Gap announced this week that it plans to reduce the size of many of its stores, and suspend the opening of new U.S. locations. In particular, many of its 12,000 square foot stores will shrink to somewhere between 6,000 and 10,000 square feet. Now, Gap has struggled mightily this decade; thus, it's not surprising that they are undergoing such changes. However, one could argue that we could be seeing the start of a trend in retail.
Over the past two decades, retail formats have gotten larger and larger, with superstores cropping up everywhere. It's not just the mass merchandisers such as Target and Wal-Mart, but a whole array of other specialty retailers as well. These giant stores perhaps made sense in an era of $25 oil, but executives will have to rethink the notion of optimal store size given oil prices in excess of $130 per barrel.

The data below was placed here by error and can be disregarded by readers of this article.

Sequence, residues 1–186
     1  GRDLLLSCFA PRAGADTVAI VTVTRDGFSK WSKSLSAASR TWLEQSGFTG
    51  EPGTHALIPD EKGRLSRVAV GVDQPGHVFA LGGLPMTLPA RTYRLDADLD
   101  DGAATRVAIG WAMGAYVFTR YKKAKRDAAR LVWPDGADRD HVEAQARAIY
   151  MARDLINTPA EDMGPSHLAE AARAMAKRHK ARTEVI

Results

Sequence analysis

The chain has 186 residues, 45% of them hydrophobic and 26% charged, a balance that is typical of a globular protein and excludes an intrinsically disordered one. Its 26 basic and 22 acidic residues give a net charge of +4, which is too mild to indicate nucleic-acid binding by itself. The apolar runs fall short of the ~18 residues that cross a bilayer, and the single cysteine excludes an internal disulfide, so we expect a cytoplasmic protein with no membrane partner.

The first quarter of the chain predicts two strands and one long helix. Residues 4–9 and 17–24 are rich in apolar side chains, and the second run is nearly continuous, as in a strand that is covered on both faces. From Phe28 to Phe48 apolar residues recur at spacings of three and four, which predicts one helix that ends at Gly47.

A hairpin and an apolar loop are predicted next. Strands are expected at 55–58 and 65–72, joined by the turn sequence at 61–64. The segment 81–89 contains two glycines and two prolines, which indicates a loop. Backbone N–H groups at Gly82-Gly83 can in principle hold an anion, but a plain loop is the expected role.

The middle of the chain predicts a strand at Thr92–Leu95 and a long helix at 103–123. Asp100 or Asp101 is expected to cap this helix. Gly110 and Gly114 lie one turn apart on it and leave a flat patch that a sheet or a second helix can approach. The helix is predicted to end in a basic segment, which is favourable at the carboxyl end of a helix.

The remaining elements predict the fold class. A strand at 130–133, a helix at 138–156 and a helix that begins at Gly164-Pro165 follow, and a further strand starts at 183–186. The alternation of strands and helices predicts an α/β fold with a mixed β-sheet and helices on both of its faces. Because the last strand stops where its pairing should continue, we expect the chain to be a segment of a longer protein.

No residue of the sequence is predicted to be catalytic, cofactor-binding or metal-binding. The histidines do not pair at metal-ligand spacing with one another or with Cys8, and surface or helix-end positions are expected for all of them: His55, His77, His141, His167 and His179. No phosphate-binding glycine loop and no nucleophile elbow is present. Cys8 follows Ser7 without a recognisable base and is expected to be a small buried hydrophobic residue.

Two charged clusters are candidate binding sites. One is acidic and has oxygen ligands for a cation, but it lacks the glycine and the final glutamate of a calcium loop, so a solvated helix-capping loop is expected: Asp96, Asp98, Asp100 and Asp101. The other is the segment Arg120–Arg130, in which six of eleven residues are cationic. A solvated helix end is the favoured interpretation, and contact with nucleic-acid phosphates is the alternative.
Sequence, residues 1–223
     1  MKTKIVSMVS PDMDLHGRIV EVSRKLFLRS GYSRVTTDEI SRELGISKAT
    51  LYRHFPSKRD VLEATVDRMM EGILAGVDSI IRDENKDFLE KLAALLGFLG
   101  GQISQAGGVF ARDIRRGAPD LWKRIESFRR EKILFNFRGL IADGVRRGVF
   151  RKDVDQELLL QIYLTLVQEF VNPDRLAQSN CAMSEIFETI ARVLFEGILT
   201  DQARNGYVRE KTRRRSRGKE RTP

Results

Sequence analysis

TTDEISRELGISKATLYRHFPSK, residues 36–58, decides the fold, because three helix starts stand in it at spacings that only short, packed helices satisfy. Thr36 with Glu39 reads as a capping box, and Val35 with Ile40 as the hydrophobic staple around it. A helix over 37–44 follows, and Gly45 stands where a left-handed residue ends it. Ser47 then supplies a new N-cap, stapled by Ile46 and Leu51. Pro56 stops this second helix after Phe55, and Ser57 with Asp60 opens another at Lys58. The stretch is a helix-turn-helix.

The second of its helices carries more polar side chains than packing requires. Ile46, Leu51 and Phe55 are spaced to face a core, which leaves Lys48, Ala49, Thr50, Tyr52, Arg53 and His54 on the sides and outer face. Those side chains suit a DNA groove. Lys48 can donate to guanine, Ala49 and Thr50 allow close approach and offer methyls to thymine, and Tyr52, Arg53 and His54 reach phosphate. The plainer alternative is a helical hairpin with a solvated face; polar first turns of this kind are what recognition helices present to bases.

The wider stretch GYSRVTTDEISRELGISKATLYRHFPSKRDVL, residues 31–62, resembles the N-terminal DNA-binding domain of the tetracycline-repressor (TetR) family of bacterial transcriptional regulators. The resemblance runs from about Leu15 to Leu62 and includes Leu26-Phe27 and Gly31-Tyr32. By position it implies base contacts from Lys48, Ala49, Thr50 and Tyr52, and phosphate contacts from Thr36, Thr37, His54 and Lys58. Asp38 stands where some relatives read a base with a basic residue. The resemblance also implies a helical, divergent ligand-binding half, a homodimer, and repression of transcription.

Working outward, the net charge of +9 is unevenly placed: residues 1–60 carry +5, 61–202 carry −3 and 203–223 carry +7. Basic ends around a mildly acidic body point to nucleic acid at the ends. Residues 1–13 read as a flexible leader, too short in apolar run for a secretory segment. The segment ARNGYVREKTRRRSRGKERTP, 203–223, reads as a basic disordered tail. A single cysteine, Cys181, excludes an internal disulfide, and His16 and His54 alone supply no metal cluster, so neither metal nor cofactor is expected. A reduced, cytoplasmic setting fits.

Heating costs represent a largely fixed cost. As they rise, the breakeven point for a retail store suddenly rises as well; in short, you need far more revenues to cover your fixed costs today. Given near term pressures on sales, companies need to rethink their cost structure. Reducing variable costs such as labor may be one option, but retailers do not want to cut too deep in that area, for fear of harming customer service. They may find that shrinking the size of the store helps bring down the breakeven sales figure, while also helping to improve inventory turns. Slower moving items can simply be sold on-line today, something that wasn't possible two decades ago. Overall, retailers may lose some revenue from shrinking their floorplans, but they could more than make up for it in higher asset efficiency (more sales per square foot, greater inventory turns, etc.).